On High Risk Pools:
High risk customers are nothing new to insurance and not unique to healthcare.  People who have been convicted of a DUI, but still have a license to drive are a special risk.  People who live in coastal Florida are a whole lot more likely to have their rooftop ripped off than people living in Arizona or even 50 miles inland.  These bands of extreme risk are things that insurance companies would rather not deal with, but states usually require companies who want to do business to take on at least a portion of these customers as a condition of their license.  They usually also have to pay into a central pool of money, managed by the state, called reinsurance, to cover the general cost of exposure to all companies taking on these special risks.  In the worst cases, state-run agencies can be the last resort for coverage, because private companies simply can't make responsible choices in these scenarios without jeopardizing their ability to pay their mainstream customers' claims.

On Gimmicks:
A lot of lip service has been given to a few shiny objects that will supposedly make things better.  Two of them are "selling across state lines" and tort reform.  These could get a whole post of their own, but here is a short version of why they won't actually help.

Most insurers already operate in multiple states, many nation-wide.  They already balance profit and loss across their whole portfolio.  There is nothing that says a company has to isolate each risk pool and balance the books at a state level.  And, even if that was the case, it would only make a difference if the "other" state was a lot healthier than "your" state.  That doesn't really happen.  And then, the people picking up your share of the costs would be very unhappy.  So that's not a thing.

A "tort" is a liability lawsuit.  Lawyers don't sue people, they sue companies, because companies have a lot more money.  A judge could award a million dollar fine against me and it would do the plaintiff no good, because I simply don't have the money to pay it.  Lawyers sue companies.  Tort reform is about limiting the amount a company can be sued for.  That sounds great for companies, but if you're the plaintiff suing for damages, you probably don't want that to happen.  But this is why insurance companies put limits on their policies.  Those limits don't protect you, they protect the insurance companies from tort lawyers.  So, again, tort reform isn't going to make a meaningful difference in the cost of insurance.

Health Insurance, Specifically:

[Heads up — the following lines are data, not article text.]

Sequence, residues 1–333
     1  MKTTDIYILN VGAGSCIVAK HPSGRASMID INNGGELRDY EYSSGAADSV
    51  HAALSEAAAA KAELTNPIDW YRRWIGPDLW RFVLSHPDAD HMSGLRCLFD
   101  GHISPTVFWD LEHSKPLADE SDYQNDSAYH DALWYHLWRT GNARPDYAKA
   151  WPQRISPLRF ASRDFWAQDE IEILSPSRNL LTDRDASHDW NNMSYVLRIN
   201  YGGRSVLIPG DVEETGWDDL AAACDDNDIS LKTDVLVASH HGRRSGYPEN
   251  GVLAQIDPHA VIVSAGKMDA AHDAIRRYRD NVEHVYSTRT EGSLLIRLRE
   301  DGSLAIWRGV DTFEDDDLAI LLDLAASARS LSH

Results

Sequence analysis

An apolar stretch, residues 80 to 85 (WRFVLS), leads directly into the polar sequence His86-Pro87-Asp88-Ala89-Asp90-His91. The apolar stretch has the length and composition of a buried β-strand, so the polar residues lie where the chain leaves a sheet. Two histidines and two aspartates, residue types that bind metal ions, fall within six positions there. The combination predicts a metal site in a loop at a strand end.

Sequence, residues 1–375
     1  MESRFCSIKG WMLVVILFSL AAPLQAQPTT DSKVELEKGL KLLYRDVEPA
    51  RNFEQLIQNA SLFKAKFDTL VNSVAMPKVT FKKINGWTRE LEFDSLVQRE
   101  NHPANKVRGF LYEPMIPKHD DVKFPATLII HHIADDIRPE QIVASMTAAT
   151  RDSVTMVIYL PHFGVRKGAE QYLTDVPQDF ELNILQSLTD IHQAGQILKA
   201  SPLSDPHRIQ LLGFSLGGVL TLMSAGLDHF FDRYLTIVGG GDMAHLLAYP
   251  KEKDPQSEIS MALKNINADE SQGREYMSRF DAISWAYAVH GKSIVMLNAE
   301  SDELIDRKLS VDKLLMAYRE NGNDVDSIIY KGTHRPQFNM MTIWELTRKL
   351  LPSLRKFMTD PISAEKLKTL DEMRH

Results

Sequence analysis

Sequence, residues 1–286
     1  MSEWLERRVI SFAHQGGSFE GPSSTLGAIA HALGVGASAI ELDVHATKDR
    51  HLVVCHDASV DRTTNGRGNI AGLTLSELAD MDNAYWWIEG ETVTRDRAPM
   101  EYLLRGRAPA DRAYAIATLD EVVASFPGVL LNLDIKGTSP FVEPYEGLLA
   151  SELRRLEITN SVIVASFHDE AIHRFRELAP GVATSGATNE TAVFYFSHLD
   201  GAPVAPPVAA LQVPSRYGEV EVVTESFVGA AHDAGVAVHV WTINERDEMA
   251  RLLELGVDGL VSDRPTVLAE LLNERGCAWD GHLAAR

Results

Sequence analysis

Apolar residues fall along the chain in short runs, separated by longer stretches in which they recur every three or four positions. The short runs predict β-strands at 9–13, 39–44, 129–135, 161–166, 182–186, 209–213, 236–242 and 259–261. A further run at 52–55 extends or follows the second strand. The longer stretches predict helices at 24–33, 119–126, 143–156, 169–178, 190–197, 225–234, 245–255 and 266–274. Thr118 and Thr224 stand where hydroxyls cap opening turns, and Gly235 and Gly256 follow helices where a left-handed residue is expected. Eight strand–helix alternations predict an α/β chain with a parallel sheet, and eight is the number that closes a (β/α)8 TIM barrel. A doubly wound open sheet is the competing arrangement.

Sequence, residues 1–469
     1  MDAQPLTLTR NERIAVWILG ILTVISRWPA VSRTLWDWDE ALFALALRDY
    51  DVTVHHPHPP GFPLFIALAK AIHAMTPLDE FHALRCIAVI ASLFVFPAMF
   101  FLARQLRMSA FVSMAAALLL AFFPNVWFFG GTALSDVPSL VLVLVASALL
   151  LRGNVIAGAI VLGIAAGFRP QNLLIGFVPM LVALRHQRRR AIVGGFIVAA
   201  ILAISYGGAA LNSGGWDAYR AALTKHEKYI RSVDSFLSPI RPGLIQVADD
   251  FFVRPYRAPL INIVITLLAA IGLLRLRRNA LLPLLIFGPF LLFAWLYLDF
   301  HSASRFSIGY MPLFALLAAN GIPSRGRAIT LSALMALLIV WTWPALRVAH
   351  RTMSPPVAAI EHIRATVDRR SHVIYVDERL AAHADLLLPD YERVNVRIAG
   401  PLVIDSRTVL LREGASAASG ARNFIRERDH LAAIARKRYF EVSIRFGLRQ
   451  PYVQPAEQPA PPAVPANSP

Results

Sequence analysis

If you take a moment to consider my previous points, it quickly becomes obvious that health care is a special animal.  First of all, healthcare, unlike a car accident or a house fire, is something you WANT to happen.  It's not just a matter of predicting whether or not you will get sick or injured.  Routine care is both expected and necessary.  So, that challenges risk models right away.  Secondly, health crises, unlike a house fire, are normally long-term events, requiring progressively more expensive care as time goes on.  Third, lower income is a key predictable risk factor of poorer health.  There is a clear correlation between income and conditions and risk factors for chronic disease.  So the people who are least able to afford it are most likely to be a higher risk and require a higher premium.  And, fourth, those all-important low-risk customers that are the anchor of financial stability for any insurance company are the least likely to see the need to pay for coverage, making it very difficult to re-balance costs.

All of these factors make healthcare as an insurance model especially challenging.  It's also why the individual mandate imposed by the Affordable Care Act (Obamacare) was so important.  The health of the whole portfolio is guaranteed by ensuring low-risk customers are built into the model.

Let's do the math:
Say the total cost of health care for Arizona is $10 Billion a year (I'm making this up).  With six million Arizonans, that's about $1,650 per person, per year in risk / cost.  Using tiering, 80% of your risk is in the top 20% of your pool.  Their "fair share" is $66,000.  That's 133% of the median Arizonan household income.  Hello bankruptcy!  Do we just write off coverage 20% of the population?  Or put them into high risk pools?  Either way, the money has to come from somewhere.  Hospitals and insurance companies will continue to incur the costs.  And you can be sure they will be passed back on to you, either in the form of premiums or, if through government subsidies, taxes.

But even in the lower risk tiers, at the lower income levels, the costs become prohibitive.  $2,500 a year may not feel like much to someone making $80-$100k in salary.  But to a person making minimum wage, that's 13% of their income.

As with anything, the devil is in the details.  And our personal health and that of our loved ones is an emotional strain as much as a financial one.  Still, these principles of insurance hold true, regardless.